Failure of red blood cell maturation in mice with defects in the high-density lipoprotein receptor SR-BI.
Mammalian erythrocytes undergo a unique maturation process in which they discard their nuclei and organelles and assume a flexible biconcave shape. We found that altered plasma lipoprotein metabolism can profoundly influence these events. Abnormal erythrocyte morphology was observed in hypercholesterolemic mice lacking the high-density lipoprotein receptor SR-BI. This was exacerbated by feeding mice a high-cholesterol diet or, more dramatically, by inactivating the apolipoprotein E gene. Erythrocytes from SR-BI(-/-)/apolipoprotein E(-/-) mice and SR-BI(-/-) mice that were fed cholesterol had markedly increased membrane cholesterol. Their morphology appeared immature, with macrocytosis, irregular shape, and large autophagolysosomes. Autophagolysosomes from SR-BI(-/-)/apolipoprotein E(-/-) erythrocytes were expelled when the erythrocytes were transfused into wild-type animals or incubated in vitro with normolipidemic serum or the cholesterol-sequestering agent methyl cyclodextrin. We propose that autophagocytosis and phagolysosome expulsion are essential steps in erythroid maturation and that expulsion is inhibited in the presence of markedly increased cellular cholesterol.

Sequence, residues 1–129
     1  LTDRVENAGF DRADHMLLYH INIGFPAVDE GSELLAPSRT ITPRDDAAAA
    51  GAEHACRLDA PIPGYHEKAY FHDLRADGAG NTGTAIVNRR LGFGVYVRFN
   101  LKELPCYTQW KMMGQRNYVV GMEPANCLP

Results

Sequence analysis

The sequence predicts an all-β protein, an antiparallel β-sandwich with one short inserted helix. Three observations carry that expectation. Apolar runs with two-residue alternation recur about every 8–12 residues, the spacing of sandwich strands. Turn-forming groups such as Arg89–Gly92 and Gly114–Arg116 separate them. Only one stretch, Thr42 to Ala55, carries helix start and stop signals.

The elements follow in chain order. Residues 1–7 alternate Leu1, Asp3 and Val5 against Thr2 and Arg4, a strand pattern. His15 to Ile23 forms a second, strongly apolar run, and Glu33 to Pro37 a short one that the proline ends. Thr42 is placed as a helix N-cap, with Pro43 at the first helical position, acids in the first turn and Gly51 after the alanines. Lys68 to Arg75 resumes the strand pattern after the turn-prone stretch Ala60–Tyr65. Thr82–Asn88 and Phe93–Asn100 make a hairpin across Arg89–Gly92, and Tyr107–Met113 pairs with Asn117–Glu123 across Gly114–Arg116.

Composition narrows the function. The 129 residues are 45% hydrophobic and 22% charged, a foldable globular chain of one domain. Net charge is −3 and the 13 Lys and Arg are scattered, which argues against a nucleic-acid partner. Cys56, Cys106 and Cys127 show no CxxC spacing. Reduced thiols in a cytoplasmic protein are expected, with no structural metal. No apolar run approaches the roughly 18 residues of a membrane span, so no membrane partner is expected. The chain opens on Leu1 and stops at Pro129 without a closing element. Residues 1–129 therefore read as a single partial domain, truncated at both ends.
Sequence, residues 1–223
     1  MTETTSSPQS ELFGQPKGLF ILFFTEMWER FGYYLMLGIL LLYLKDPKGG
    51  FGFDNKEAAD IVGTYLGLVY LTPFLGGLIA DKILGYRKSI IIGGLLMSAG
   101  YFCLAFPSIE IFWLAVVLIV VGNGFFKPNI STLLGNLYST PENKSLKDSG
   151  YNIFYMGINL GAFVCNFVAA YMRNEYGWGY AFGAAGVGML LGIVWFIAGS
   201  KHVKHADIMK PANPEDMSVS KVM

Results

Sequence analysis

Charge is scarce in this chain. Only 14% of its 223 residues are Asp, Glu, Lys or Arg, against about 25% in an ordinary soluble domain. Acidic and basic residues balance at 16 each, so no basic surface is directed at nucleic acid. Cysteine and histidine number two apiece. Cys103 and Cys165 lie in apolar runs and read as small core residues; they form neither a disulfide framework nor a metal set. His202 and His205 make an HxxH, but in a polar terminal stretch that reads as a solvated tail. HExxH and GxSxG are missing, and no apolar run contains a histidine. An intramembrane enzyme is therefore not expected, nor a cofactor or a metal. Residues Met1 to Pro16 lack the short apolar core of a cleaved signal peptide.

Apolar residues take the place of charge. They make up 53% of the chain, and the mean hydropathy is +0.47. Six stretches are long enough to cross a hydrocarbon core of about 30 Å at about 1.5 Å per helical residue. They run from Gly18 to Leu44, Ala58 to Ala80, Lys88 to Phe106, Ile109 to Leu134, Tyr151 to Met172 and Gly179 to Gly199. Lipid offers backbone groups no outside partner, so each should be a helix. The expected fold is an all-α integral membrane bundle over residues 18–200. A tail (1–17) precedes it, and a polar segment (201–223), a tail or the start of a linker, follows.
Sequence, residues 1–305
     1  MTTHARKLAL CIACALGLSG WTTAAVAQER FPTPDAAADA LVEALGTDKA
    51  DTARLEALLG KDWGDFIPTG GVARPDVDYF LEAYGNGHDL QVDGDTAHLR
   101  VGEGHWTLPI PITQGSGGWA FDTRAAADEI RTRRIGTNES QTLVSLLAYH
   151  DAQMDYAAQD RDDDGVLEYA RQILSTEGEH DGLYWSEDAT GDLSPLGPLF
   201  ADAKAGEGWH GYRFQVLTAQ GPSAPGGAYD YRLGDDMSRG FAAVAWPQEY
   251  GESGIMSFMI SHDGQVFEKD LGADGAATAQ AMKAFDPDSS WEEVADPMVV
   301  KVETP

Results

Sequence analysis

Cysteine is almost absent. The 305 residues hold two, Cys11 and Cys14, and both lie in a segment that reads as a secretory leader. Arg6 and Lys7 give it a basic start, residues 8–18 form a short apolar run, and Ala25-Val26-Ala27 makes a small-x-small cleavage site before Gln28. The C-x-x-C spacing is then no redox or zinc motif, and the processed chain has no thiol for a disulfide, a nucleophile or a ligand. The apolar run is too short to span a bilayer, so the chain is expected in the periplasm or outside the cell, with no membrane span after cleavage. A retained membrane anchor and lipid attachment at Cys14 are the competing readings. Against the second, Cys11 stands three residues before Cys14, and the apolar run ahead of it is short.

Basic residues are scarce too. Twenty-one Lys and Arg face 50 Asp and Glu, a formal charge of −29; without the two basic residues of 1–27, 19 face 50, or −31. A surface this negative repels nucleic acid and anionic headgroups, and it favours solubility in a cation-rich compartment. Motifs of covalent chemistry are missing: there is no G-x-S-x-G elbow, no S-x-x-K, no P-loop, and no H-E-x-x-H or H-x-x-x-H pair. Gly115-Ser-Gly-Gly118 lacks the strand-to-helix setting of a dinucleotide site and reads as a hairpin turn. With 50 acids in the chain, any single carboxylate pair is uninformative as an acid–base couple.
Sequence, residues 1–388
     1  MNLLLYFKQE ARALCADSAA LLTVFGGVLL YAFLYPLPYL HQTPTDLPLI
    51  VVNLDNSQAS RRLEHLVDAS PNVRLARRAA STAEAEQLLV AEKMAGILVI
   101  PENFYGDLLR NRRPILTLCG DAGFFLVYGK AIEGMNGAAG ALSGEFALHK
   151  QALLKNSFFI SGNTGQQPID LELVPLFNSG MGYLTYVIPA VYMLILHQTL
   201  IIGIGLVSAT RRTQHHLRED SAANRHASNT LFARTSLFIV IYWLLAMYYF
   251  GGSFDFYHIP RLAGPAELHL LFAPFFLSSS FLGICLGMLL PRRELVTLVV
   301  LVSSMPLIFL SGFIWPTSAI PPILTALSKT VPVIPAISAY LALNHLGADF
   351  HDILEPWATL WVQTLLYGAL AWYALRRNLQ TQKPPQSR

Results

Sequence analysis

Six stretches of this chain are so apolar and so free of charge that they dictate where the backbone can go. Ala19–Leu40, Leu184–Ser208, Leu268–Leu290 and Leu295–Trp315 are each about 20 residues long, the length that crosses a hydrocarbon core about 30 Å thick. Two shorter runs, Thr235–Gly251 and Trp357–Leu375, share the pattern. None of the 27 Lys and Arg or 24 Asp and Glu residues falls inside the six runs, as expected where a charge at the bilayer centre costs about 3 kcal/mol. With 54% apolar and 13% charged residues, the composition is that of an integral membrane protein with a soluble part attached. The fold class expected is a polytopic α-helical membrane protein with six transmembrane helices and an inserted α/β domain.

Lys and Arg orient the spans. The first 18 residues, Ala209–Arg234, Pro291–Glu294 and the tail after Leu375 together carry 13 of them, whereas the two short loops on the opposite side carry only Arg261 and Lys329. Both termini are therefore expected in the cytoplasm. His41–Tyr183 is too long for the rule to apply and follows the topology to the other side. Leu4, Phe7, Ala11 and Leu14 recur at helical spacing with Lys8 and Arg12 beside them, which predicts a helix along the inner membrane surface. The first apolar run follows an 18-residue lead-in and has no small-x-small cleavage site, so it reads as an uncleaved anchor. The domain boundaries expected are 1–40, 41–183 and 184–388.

Holm, TM; Braun, A; Trigatti, BL; Brugnara, C; Sakamoto, M; Krieger, M; Andrews, NC
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